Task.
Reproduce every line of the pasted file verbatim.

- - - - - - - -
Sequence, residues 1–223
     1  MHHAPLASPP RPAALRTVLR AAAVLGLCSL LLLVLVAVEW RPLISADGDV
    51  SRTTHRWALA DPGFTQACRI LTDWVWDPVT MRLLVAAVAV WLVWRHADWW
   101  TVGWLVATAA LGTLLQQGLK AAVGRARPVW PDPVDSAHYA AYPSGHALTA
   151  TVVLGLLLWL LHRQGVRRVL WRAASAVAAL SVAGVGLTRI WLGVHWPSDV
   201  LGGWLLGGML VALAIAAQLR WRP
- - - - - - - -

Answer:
Sequence, residues 1–223
     1  MHHAPLASPP RPAALRTVLR AAAVLGLCSL LLLVLVAVEW RPLISADGDV
    51  SRTTHRWALA DPGFTQACRI LTDWVWDPVT MRLLVAAVAV WLVWRHADWW
   101  TVGWLVATAA LGTLLQQGLK AAVGRARPVW PDPVDSAHYA AYPSGHALTA
   151  TVVLGLLLWL LHRQGVRRVL WRAASAVAAL SVAGVGLTRI WLGVHWPSDV
   201  LGGWLLGGML VALAIAAQLR WRP